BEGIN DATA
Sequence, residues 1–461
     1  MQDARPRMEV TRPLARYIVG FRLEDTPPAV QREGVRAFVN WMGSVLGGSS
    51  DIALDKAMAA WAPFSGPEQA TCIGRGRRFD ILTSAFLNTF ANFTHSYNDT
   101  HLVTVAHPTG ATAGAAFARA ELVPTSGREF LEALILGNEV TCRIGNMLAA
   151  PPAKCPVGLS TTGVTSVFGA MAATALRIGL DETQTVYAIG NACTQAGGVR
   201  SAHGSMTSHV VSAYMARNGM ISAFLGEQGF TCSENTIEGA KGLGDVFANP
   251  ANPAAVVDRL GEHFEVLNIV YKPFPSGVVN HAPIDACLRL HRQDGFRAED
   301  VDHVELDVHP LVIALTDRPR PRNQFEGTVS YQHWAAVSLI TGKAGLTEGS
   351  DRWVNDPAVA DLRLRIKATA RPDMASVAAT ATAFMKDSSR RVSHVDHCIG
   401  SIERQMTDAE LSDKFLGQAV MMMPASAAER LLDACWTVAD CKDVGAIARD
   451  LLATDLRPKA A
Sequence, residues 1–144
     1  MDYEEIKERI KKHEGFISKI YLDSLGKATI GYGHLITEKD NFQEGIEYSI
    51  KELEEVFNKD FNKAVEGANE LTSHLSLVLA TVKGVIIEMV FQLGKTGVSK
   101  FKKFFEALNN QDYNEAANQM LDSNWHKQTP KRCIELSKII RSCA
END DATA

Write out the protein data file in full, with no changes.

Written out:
Sequence, residues 1–461
     1  MQDARPRMEV TRPLARYIVG FRLEDTPPAV QREGVRAFVN WMGSVLGGSS
    51  DIALDKAMAA WAPFSGPEQA TCIGRGRRFD ILTSAFLNTF ANFTHSYNDT
   101  HLVTVAHPTG ATAGAAFARA ELVPTSGREF LEALILGNEV TCRIGNMLAA
   151  PPAKCPVGLS TTGVTSVFGA MAATALRIGL DETQTVYAIG NACTQAGGVR
   201  SAHGSMTSHV VSAYMARNGM ISAFLGEQGF TCSENTIEGA KGLGDVFANP
   251  ANPAAVVDRL GEHFEVLNIV YKPFPSGVVN HAPIDACLRL HRQDGFRAED
   301  VDHVELDVHP LVIALTDRPR PRNQFEGTVS YQHWAAVSLI TGKAGLTEGS
   351  DRWVNDPAVA DLRLRIKATA RPDMASVAAT ATAFMKDSSR RVSHVDHCIG
   401  SIERQMTDAE LSDKFLGQAV MMMPASAAER LLDACWTVAD CKDVGAIARD
   451  LLATDLRPKA A
Sequence, residues 1–144
     1  MDYEEIKERI KKHEGFISKI YLDSLGKATI GYGHLITEKD NFQEGIEYSI
    51  KELEEVFNKD FNKAVEGANE LTSHLSLVLA TVKGVIIEMV FQLGKTGVSK
   101  FKKFFEALNN QDYNEAANQM LDSNWHKQTP KRCIELSKII RSCA